THE WHITE HOUSE
Office of the Press Secretary
For Immediate Release November 19, 1993
NATIONAL CHILDREN'S DAY, 1993
BY THE PRESIDENT OF THE UNITED STATES OF AMERICA
America's children are at once our most precious national resource and our most weighty responsibility. They represent our future hopes and aspirations. By empowering and supporting America's families today, we can make a more secure world for all Americans tomorrow.
Millions of America's children grow up in stable and loving families. At the same time, an alarmingly high number of our youth do not have the benefit of such security; many grow up hungry, neglected, or abused. Far too many reach adolescence having experienced painful episodes of physical, mental, or emotional mistreatment that have long-lasting effects. For them, the future can be clouded with doubt or despair.
We all must take it upon ourselves to address these problems and to guarantee that children of all families will be given new hope for a better life. We must get back to "being our neighbor's keeper" when it comes to raising children. The plight of our neighborhoods and communities must be rectified and replaced with a positive environment in which to grow and live in safety. Today's children are frightened and worried. We must close the opportunity gap and the responsibility gap because all of the children of America deserve an equal chance.
Parents must make an all-out effort to provide an accepting, caring, and loving atmosphere for their children. Grandparents also have an important role to play, as do other members of the extended family.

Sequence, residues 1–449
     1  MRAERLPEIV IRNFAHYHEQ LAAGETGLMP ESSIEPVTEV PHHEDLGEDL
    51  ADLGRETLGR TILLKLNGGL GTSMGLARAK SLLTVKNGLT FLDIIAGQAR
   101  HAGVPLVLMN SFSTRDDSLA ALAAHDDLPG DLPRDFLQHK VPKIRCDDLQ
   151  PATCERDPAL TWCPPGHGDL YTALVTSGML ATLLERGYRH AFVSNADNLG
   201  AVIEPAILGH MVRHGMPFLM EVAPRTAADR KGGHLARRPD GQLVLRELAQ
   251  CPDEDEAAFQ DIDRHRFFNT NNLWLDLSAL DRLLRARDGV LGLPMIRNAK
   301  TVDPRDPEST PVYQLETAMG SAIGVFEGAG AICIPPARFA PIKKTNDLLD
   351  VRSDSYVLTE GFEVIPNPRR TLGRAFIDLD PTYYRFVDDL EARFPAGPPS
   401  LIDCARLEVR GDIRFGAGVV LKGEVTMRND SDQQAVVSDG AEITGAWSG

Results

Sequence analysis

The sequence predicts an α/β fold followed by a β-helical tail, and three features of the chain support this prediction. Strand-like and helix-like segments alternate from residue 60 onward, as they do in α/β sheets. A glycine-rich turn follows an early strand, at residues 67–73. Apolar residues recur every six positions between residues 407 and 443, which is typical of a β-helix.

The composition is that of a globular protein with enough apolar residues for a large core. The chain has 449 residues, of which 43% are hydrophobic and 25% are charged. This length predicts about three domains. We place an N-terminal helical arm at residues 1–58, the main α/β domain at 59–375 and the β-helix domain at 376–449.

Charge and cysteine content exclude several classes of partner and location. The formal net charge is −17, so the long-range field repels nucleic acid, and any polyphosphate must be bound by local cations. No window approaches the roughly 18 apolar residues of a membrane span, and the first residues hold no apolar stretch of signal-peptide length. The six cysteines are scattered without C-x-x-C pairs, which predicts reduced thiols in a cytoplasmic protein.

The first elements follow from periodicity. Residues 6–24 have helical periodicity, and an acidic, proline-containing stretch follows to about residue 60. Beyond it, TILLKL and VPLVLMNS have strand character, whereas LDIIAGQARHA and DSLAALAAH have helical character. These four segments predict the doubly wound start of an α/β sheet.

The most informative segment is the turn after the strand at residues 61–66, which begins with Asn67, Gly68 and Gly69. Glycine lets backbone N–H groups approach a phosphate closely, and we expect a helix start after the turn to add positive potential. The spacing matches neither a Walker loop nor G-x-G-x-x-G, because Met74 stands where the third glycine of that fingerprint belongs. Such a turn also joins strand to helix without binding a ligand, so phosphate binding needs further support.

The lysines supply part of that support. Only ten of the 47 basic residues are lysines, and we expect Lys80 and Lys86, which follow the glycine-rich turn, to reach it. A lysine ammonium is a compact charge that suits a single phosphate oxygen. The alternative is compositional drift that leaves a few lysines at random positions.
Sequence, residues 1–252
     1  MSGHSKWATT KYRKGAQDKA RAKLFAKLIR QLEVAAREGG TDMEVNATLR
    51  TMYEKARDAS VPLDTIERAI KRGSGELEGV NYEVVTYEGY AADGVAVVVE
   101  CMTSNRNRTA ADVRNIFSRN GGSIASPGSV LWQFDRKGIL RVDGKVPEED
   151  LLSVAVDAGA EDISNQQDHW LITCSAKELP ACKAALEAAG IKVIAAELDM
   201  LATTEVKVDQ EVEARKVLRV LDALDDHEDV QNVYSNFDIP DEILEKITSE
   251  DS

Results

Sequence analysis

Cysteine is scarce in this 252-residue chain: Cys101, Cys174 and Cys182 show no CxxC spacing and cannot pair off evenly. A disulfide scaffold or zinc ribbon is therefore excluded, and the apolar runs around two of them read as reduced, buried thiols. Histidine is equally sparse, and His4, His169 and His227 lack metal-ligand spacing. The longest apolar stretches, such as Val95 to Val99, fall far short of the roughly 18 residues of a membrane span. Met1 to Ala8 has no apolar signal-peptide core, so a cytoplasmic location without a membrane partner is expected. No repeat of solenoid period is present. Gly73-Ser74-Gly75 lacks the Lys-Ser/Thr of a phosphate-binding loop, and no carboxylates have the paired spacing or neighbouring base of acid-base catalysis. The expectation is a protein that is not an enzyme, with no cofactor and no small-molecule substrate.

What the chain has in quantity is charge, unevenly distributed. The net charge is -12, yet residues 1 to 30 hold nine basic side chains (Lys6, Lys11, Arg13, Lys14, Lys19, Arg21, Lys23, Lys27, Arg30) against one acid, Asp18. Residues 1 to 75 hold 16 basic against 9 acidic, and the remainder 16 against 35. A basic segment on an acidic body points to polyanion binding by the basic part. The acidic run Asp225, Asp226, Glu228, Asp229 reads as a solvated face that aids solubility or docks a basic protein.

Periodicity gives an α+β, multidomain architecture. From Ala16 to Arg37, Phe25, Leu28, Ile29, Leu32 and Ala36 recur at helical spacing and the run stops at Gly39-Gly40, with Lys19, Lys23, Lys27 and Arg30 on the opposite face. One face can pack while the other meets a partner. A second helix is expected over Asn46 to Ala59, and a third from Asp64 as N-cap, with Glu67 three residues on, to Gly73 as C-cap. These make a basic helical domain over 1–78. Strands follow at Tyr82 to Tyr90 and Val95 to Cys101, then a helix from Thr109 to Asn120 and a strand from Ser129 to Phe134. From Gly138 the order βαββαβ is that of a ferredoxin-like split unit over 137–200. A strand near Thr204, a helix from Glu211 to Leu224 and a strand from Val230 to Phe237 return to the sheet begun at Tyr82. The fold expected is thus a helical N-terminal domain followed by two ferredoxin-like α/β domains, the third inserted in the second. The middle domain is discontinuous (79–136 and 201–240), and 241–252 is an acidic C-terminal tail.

This is an issue that all Americans can and should support and promote. By becoming directly involved and assuming personal responsibility, we can strengthen our schools, churches, and communities in ways that will reinforce and enhance the importance of values that the family structure can provide. This is all the more critical as the world becomes an increasingly complex and interrelated place. We must interact in the future with any number of new and emerging nations. In order to do this successfully, we will need the talent, dedication, and best efforts of all of our youth.
Today's children will also be tomorrow's parents. To preserve the American Dream, the fiber of our Nation must be strengthened. By instilling a common purpose and assuring ourselves that children are receiving the best and most comprehensive care possible, we can face the awesome challenges that lie ahead. We can start at the family level to bring our country together, solve problems, and make progress.
So I ask all Americans to reaffirm this Nation's commitment to its children. I appeal specifically to parents to spend quality time each day with their children, to listen to their concerns and dreams, and to guide them well as they make the transition into adolescence and adulthood. We have a right and an obligation to make sure our children can rise as far and as high as their talents and determination will let them.
The Congress, by Senate Joint Resolution 139, has designated the third Sunday in November as "National Children's Day" and has authorized and requested the President to issue a proclamation in observance of this day.
NOW, THEREFORE, I, WILLIAM J. CLINTON, President of the United States of America, do hereby proclaim November 21, 1993, as National Children's Day. On this day and every day, I urge all Americans to express their love, advocacy, and appreciation for their children and all children of the world. I invite Federal officials, State and local governments, and particularly the American family, to join together in observing this day with appropriate ceremonies and activities to honor our Nation's children.
IN WITNESS WHEREOF, I have hereunto set my hand this eighteenth day of November, in the year of our Lord nineteen hundred and ninety-three, and of the Independence of the United States of America the two hundred and eighteenth.
WILLIAM J. CLINTON /E